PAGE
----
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Indians love to share their passwords with their partners: McAfee report

Sameer Ranjan
7th Feb 2018
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McAfee has revealed key discoveries from its study, titled, Three’s Company: Lovers, Friends and Devices, to highlight how love is shaping up in today’s technology-driven time.

In times of polarised debates on privacy, a recent McAfee study states that a whopping 84 percent of Indians share their personal passwords with their partners. The report comes just a week before lovers across the world are set to celebrate the Valentine’s Day.

password secure

The study was aimed to understand the online behaviour of people and how it affects their real-world relationships with friends and significant others. It underscores the need for individuals to manage their device usage during social interaction and calls for vigilance while sharing personal information.

McAfee has revealed key discoveries from its study, titled, Three’s Company: Lovers, Friends and Devices, to highlight how love is shaping up in today’s technology-driven time.

Dating: body present, mind absent

According to the study’s findings, more than 77 percent of the respondents are troubled with the existence of an internet-connected device in their relationship, even as they themselves are pretty much hooked onto it. They think that the use of technology is getting in the way of their relationships today. It further stated that 81 percent of the people in India indicate that they got into an argument with a friend or significant other for spending too much time on their phone, when they ought to be spending time together.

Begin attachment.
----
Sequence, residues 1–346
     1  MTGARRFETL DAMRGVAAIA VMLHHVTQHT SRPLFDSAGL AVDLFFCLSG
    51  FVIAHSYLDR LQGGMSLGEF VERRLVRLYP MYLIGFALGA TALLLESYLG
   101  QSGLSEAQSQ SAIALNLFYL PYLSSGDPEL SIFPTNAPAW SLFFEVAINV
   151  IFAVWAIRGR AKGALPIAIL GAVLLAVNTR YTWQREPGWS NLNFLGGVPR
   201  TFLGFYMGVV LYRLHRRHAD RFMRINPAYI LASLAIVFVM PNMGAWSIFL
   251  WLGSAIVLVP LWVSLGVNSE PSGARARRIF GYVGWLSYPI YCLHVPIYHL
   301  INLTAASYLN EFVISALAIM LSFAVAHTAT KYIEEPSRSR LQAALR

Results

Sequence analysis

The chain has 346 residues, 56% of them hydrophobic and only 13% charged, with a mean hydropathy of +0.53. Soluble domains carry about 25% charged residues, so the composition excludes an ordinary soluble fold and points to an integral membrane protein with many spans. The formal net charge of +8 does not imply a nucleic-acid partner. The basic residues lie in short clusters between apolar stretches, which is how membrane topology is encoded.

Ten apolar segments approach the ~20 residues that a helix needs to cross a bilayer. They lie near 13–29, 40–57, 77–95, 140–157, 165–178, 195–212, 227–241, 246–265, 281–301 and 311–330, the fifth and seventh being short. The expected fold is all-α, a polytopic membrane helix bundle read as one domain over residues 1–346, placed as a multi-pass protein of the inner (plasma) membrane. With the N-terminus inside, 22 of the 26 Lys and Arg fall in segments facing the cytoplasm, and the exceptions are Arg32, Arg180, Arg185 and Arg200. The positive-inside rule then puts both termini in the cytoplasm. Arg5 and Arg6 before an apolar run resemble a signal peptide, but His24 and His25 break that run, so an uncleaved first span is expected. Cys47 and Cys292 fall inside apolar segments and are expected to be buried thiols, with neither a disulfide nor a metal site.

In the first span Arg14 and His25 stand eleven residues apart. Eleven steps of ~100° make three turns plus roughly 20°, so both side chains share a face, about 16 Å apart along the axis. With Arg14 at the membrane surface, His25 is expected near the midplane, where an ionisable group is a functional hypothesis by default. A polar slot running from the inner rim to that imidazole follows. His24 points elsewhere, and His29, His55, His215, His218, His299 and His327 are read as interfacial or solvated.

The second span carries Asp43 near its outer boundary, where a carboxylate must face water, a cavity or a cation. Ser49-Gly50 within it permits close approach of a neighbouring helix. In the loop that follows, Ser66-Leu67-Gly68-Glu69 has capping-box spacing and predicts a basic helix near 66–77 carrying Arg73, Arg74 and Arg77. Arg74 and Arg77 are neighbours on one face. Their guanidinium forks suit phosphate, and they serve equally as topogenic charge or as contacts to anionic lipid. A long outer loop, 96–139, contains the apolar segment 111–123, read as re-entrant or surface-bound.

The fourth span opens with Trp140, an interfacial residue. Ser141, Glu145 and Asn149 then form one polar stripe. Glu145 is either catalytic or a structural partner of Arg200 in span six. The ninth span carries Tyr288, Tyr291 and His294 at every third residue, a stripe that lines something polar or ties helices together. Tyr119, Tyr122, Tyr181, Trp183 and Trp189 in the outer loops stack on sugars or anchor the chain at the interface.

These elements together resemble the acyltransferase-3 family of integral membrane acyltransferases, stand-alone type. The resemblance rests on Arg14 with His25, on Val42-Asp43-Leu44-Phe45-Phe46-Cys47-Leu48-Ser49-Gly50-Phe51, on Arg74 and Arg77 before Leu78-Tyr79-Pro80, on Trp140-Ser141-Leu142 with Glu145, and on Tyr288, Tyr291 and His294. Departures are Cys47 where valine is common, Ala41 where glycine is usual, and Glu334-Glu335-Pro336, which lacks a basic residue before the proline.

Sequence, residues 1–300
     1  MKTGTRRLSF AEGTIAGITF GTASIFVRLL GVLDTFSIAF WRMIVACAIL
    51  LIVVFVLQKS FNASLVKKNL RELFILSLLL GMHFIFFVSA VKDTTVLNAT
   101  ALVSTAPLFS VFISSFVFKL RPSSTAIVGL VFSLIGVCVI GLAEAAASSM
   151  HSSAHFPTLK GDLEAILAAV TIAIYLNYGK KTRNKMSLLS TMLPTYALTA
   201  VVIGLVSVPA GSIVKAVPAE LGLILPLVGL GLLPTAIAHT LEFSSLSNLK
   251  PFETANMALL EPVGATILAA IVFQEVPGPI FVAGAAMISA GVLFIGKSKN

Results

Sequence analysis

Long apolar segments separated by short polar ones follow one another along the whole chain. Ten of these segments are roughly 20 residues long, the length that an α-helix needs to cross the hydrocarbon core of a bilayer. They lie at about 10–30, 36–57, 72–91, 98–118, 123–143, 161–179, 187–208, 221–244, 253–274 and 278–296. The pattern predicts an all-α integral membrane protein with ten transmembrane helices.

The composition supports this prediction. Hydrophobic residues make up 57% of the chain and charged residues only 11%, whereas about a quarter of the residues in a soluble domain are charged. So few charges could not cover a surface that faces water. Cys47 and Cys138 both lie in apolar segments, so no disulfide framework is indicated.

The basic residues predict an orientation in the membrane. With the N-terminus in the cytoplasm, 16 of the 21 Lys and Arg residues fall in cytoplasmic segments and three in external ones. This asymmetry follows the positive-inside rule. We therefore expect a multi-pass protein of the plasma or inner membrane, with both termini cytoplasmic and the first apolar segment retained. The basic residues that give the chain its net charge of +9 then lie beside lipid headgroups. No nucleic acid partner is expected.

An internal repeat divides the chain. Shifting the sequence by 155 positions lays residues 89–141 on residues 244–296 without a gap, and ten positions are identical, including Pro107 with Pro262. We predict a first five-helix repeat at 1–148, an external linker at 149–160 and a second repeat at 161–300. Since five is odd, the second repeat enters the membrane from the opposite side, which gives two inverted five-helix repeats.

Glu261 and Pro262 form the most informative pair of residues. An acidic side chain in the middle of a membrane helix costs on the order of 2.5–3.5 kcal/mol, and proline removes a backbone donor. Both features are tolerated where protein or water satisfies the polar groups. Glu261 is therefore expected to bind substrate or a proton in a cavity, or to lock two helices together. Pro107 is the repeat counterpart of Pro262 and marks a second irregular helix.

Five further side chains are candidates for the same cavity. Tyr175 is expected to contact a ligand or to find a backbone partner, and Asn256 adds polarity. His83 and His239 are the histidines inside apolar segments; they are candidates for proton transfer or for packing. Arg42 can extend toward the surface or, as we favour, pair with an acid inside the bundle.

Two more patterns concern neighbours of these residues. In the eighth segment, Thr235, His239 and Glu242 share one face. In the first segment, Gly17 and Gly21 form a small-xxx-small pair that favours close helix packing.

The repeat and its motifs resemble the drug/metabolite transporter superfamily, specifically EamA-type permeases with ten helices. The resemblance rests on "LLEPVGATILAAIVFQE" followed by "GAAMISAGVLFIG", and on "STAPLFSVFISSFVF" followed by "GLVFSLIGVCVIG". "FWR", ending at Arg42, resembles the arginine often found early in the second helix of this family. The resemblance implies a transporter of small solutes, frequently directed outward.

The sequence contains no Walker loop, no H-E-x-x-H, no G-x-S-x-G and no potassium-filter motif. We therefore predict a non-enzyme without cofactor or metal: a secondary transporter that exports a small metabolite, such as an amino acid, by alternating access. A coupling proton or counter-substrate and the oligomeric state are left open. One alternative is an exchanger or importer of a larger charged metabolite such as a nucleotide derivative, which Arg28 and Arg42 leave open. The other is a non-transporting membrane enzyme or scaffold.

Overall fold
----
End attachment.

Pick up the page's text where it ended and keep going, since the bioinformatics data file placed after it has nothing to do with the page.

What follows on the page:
If you think that you are the victim of your partner’s addiction to technology, don’t think you are alone. The study stated that two in three Indians (67 percent) in a relationship have felt that their significant other was more interested in their internet-connected device than in them. When it comes to sharing personal passwords, the study finds that though 89 percent of Indians think privacy is important in a relationship, while 84 percent also share their personal passwords and PINs with their partners.

Tech and relationship

The study further mentions a word on dating apps that is making it easy for the partners to make connections on the go. About 58 percent think that dating apps are more effective at helping people find a date than friends and family, said the report.

Venkat Krishnapur, Vice President, Engineering and Managing Director, McAfee, said, “In today’s connected lifestyle, daily activities and interactions of consumers are powered by technology and apps. This insatiable dependency for technology can come at the price of sharing our personal information with the unknown. We need to be aware of the reality of oversharing, and take corrective steps.”

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